The United States Department of State’s Trafficking in Persons Report allows the world to remain updated on the current state of human trafficking in both the U.S. and foreign countries. When countries receive a Tier 3 ranking, they may undergo sanctions, which could encourage them to implement more plans to eliminate sex trafficking. By acknowledging the issue and the connection between poverty and sex trafficking, educating the public and taking advantage of the resources to raise awareness, the world could one day eliminate human trafficking from all nations.

– Arielle Pugh
Photo: Flickr

Top 10 Facts About Human Rights in Venezuela
People have long associated the current humanitarian crisis in Venezuela with the autocratic governance of late President Nicolás Maduro and decades of socioeconomic downfall. Gross political corruption persists in Venezuela that constitutional violations show. These began in 2017 and have barred acting president Juan Guaidó from assuming the duties of his office. In September 2019, The UN Human Rights Council dispatched a team to the country to investigate alleged human rights abuses, including state-sanctioned killings, forced disappearances and torture. With this information in mind, here are the top 10 facts about human rights in Venezuela.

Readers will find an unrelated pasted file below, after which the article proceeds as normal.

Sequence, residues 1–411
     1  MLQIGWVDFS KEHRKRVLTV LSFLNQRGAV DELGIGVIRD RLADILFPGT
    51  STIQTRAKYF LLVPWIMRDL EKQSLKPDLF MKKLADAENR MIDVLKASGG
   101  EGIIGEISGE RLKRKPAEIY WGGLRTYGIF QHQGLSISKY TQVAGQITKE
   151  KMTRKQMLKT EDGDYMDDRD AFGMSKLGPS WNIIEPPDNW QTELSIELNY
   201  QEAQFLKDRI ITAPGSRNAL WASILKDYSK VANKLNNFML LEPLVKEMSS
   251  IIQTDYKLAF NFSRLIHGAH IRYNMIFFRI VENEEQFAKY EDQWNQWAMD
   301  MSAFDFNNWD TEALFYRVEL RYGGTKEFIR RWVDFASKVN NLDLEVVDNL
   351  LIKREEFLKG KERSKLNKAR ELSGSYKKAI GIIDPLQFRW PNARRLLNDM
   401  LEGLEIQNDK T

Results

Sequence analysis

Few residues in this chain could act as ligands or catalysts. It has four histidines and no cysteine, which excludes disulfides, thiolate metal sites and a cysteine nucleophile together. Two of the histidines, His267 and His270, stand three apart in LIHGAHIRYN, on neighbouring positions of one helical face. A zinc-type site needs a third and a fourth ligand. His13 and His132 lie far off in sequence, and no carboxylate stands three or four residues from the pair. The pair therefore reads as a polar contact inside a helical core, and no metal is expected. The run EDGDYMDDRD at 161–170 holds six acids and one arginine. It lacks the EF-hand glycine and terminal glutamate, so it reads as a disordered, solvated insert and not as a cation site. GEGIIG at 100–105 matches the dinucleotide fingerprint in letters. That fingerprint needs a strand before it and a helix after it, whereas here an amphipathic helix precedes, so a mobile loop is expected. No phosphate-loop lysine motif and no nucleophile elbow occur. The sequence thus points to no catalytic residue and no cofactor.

Top 10 Facts About Human Rights in Venezuela

  1. The Situation: Deteriorating social and economic conditions in Venezuela have incited a refugee crisis in the country. Since 2014, more than four million Venezuelans have fled (a figure which excludes unregistered migrants). Displaced by violence and corruption, Venezuelan migrants struggle to obtain legal residence, food security, education and health care resources in the nations they flee to. These bureaucratic hurdles and unstable living situations force many to return home.
  2. Maduro and Corruption: The dismantling of Venezuela’s National Assembly in March 2017 was the Maduro Administration’s first attempt of many to silence political opposition. The move stripped the opposition-led parliament of its legislating powers and immunity—important checks against potential exploits by the executive branch. Research from Amnesty International confirms that Maduro’s government used torture, unhinged homicides and extrajudicial executions to maintain support in the years following this constitutional scandal.